Gov. Phil Murphy yesterday enacted a $38.7 billion budget for the new fiscal year that begins today, but only after using the line-item veto to remove a modest share of added spending sought by lawmakers.
Nearly $50 million in legislative appropriations didn’t make the final cut thanks to the line-item veto, including proposed funding for shared-services studies, the state’s school-choice program, and a grant for Cooper University Hospital, the Camden-based healthcare facility.
Murphy also issued an executive order that will keep another up to $235 million in spending impounded in “reserve” as he waits to see how well state revenues perform during fiscal year 2020. He cited concerns about several revenue assumptions that were in the legislative budget bill, and the need to maintain healthy reserves amid concerns about a looming recession, as reasons to take that action.
“I am using the full power of my office to protect our fiscal house,” Murphy said yesterday at a public rally in Trenton with supporters that followed the budget’s official adoption.
But much of thethat lawmakers sent to Murphy, a Democrat, a little over a week ago remained intact following the governor’s action. That led Democratic legislative leaders in both houses to declare victory as the spending plan became law yesterday. They also sent no signals that attempts to override the line-item vetoes are now looming in either house.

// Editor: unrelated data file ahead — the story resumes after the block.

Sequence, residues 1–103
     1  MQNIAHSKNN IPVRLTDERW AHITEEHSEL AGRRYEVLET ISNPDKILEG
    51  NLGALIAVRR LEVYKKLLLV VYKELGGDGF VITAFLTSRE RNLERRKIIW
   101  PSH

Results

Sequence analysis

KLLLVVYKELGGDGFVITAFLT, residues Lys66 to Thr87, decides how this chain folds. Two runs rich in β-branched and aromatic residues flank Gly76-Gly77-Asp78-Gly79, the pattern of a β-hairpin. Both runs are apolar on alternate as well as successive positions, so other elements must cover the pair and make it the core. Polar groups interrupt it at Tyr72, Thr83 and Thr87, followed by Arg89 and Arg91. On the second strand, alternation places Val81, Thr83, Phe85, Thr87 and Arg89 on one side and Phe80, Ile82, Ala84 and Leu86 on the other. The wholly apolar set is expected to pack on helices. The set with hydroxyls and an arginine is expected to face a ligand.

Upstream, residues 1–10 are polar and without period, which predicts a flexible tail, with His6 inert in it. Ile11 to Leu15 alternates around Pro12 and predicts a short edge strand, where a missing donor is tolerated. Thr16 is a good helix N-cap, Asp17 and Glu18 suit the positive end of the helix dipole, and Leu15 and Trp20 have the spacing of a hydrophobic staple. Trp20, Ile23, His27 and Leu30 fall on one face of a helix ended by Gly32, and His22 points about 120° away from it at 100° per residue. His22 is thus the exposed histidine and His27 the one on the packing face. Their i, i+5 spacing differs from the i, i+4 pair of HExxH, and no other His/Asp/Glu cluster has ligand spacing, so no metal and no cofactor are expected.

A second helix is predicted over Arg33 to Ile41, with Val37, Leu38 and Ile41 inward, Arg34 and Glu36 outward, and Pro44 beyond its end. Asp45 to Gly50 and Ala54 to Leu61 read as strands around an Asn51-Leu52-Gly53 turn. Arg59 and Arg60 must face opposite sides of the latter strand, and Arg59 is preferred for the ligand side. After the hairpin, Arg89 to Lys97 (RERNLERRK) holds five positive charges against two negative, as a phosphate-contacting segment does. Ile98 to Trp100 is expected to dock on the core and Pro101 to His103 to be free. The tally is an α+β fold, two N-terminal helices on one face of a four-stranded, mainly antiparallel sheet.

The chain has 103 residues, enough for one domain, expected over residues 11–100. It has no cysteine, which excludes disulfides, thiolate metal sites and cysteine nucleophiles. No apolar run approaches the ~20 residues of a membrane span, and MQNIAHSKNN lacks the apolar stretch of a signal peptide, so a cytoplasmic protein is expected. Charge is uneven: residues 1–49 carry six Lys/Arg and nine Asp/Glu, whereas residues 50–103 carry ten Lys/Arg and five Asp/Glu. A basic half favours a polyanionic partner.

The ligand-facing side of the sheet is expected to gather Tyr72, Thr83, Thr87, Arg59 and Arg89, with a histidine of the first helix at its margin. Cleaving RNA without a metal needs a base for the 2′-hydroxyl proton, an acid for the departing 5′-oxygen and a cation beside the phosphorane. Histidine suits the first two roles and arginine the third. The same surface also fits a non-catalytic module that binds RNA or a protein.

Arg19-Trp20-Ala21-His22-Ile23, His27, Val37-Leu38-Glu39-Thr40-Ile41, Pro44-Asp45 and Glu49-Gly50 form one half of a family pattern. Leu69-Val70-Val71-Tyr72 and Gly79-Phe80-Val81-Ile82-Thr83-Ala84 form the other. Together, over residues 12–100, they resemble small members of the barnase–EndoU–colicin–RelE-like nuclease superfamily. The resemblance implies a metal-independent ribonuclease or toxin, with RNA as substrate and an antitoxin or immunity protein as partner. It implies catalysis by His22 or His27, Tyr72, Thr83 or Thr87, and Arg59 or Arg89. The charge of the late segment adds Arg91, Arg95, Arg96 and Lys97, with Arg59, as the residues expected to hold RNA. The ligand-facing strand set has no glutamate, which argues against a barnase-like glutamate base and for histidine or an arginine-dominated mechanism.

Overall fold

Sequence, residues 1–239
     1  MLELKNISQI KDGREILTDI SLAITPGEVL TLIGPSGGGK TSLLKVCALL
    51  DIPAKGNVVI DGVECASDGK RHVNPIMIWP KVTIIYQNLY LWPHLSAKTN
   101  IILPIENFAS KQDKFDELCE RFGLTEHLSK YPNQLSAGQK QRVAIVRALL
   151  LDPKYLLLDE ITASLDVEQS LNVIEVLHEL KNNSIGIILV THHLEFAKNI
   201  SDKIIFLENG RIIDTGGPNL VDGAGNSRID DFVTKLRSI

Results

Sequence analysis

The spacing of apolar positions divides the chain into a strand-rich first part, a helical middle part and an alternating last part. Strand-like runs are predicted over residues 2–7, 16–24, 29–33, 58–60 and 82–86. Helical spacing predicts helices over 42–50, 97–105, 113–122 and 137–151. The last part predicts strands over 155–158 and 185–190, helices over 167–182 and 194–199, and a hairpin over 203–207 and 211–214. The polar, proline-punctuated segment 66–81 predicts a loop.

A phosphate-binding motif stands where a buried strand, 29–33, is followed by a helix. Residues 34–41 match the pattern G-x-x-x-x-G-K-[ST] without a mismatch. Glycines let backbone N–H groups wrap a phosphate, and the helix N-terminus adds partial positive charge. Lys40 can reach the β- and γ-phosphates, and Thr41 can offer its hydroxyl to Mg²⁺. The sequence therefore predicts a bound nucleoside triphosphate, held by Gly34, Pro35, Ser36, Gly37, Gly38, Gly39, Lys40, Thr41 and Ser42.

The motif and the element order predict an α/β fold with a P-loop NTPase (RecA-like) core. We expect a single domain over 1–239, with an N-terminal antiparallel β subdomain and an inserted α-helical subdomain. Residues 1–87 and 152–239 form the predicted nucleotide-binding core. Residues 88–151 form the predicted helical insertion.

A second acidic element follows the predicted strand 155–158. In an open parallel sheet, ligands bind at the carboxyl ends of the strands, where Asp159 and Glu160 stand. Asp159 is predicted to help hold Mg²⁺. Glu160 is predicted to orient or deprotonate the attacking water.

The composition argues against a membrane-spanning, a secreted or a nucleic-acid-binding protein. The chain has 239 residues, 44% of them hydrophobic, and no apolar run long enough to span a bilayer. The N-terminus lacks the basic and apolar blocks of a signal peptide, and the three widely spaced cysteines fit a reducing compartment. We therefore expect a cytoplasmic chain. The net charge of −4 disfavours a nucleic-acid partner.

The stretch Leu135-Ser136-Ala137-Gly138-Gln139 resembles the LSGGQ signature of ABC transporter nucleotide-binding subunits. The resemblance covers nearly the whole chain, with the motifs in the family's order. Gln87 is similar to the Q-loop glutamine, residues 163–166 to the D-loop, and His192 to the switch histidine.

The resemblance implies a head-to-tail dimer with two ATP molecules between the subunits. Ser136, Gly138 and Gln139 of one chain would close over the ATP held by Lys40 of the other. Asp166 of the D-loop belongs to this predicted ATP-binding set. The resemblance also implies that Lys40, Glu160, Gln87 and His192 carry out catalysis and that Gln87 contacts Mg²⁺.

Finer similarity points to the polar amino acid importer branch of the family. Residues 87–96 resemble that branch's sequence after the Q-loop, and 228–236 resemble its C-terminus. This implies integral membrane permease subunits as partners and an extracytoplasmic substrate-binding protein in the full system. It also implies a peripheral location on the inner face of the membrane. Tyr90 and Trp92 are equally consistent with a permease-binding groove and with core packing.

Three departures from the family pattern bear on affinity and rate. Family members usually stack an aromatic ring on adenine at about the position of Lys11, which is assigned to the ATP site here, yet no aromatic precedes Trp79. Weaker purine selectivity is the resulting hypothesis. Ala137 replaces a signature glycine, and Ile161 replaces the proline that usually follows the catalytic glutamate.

“We gave him a good budget. We’re glad he recognized it (and) we’re glad he signed it,” said Senate President Steve Sweeney (D-Gloucester) during an afternoon press availability.
Meanwhile, Assembly Speaker Craig Coughlin (D-Middlesex) reacted in a brief statement that said the FY2020 budget “funds our shared priorities.”
Murphy’s administration didn’t release a list yesterday of the specific items that remain impounded under the governor’s executive order, but the final version of the budget he enacted sets the state up to increase spending in several key areas, including K-12 education, mass transit and public-worker pensions.
Murphy accepted the Legislature’s request to add another $50 million to the state subsidy for New Jersey Transit operations, pushing that total to $457.5 million. The final budget will also underwrite a $3.8 billion public-worker pension payment, which will be a record total. It also incorporates increased funding lawmakers sought for Senior Freeze property-tax relief and extraordinary K-12 special education aid.
Another nearly $1.3 billion will also be kept in reserves, including $401 million in the state’s long-ignored, which can only be accessed during a fiscal emergency.
During his public event yesterday, Murphy praised parts of the budget where he and lawmakers saw eye-to-eye. But he also sharply criticized them for adding new spending items, while at the same time rejecting several of his proposed tax hikes, most notably athat would have raised an additional $536 million.
“The voices of the vast majority of New Jerseyans who support a millionaires tax were left in the ether,” Murphy said. “Instead, the budget that I was sent protects 19,000 millionaires and leaves the other almost 9 million residents to pick up the tab.”